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Basics of Sound Isolation and Sound Level Compliance

Neil Thompson Shade and David K. Kennedy • September 2021Tech Feature • September 10, 2021

Fig. 1: Ways that mechanical and structure-borne noise can spread throughout a facility. Image courtesy of the Association of Noise Consultants and the Institute of Acoustics

Past articles in this series have explored room acoustics and sound systems, focusing on ways to enhance the audience listening experience. But how does concert sound affect the peace and tranquility of others not attending the show? This article will introduce concepts of sound isolation and sound level compliance so the readers may be aware of these issues. Fig. 1 shows many of the sound transmission paths that can affect a building, many of which are described below.

Sound Transmission Pathways

There are three primary sound transmission paths in a building: (1) both the source and receiver inside the building; (2) interior source and exterior receiver; and (3) exterior source and interior receiver. The source is the location where the sound originates, and the receiver is the location that is affected by the transmitted sound.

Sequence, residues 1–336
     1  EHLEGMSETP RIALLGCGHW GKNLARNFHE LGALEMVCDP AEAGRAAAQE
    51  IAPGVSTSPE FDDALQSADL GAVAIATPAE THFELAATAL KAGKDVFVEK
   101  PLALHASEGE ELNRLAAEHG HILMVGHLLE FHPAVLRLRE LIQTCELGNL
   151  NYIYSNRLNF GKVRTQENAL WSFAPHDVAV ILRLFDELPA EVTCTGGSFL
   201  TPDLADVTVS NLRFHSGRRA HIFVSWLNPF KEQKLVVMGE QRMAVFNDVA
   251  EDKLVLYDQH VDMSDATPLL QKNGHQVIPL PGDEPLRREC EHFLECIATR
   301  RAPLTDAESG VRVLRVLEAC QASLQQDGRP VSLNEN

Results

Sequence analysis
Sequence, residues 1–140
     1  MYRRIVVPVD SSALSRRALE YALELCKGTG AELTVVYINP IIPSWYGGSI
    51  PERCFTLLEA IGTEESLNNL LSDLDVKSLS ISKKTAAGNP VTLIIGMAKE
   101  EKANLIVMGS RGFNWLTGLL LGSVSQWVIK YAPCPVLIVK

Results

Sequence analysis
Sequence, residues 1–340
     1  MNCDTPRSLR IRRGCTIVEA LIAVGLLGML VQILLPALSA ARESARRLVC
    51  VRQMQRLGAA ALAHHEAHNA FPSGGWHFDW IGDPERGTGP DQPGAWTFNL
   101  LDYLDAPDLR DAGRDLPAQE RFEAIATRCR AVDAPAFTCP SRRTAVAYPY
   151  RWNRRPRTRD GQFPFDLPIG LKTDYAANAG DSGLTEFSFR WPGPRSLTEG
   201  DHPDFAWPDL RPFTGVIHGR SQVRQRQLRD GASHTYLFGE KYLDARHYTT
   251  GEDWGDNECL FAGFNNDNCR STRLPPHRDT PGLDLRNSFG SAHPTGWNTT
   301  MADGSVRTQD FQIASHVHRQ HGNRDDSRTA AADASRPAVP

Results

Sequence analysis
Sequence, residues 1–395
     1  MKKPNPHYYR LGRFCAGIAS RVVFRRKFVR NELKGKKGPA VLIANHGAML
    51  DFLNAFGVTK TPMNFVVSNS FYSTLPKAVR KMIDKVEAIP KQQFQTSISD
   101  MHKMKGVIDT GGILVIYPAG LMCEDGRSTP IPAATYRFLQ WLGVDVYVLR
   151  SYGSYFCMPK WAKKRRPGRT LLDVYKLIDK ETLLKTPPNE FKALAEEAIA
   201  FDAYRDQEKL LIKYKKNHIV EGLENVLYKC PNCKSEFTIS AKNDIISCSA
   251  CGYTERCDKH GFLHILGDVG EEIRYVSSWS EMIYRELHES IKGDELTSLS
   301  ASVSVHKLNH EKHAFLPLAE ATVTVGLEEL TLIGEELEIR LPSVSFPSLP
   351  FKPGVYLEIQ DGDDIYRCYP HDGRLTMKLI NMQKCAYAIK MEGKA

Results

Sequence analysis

In all these scenarios, the source sound level is reduced by the building sound isolation properties, thus the received sound level is lower than the source sound level. Whether the received sound level is disruptive depends on the background (ambient) noise level at the receiver, listener’s expectations, their sensitivity to the sound, and whether the sound level exceeds a governmental code or ordinance.

Transmission Losses